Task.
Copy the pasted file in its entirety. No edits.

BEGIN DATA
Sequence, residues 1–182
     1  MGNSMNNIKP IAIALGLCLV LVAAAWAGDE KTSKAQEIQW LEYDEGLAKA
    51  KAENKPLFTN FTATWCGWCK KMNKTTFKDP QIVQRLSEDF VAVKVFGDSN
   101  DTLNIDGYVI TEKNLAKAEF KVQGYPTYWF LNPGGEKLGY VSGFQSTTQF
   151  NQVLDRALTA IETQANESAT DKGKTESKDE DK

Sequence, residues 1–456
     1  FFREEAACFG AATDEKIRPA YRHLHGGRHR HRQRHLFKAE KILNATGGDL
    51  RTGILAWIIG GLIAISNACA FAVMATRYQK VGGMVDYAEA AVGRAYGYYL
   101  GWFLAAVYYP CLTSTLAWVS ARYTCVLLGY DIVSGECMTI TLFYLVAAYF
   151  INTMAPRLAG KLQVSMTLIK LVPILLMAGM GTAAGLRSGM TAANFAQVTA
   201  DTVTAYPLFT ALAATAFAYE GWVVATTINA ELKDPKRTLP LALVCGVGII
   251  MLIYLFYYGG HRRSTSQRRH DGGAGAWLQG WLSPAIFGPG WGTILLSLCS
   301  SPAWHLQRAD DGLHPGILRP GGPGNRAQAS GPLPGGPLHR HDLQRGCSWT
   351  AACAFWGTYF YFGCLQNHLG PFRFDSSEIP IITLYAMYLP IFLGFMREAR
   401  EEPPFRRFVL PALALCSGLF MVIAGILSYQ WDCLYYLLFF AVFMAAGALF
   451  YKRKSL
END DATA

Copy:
Sequence, residues 1–182
     1  MGNSMNNIKP IAIALGLCLV LVAAAWAGDE KTSKAQEIQW LEYDEGLAKA
    51  KAENKPLFTN FTATWCGWCK KMNKTTFKDP QIVQRLSEDF VAVKVFGDSN
   101  DTLNIDGYVI TEKNLAKAEF KVQGYPTYWF LNPGGEKLGY VSGFQSTTQF
   151  NQVLDRALTA IETQANESAT DKGKTESKDE DK

Sequence, residues 1–456
     1  FFREEAACFG AATDEKIRPA YRHLHGGRHR HRQRHLFKAE KILNATGGDL
    51  RTGILAWIIG GLIAISNACA FAVMATRYQK VGGMVDYAEA AVGRAYGYYL
   101  GWFLAAVYYP CLTSTLAWVS ARYTCVLLGY DIVSGECMTI TLFYLVAAYF
   151  INTMAPRLAG KLQVSMTLIK LVPILLMAGM GTAAGLRSGM TAANFAQVTA
   201  DTVTAYPLFT ALAATAFAYE GWVVATTINA ELKDPKRTLP LALVCGVGII
   251  MLIYLFYYGG HRRSTSQRRH DGGAGAWLQG WLSPAIFGPG WGTILLSLCS
   301  SPAWHLQRAD DGLHPGILRP GGPGNRAQAS GPLPGGPLHR HDLQRGCSWT
   351  AACAFWGTYF YFGCLQNHLG PFRFDSSEIP IITLYAMYLP IFLGFMREAR
   401  EEPPFRRFVL PALALCSGLF MVIAGILSYQ WDCLYYLLFF AVFMAAGALF
   451  YKRKSL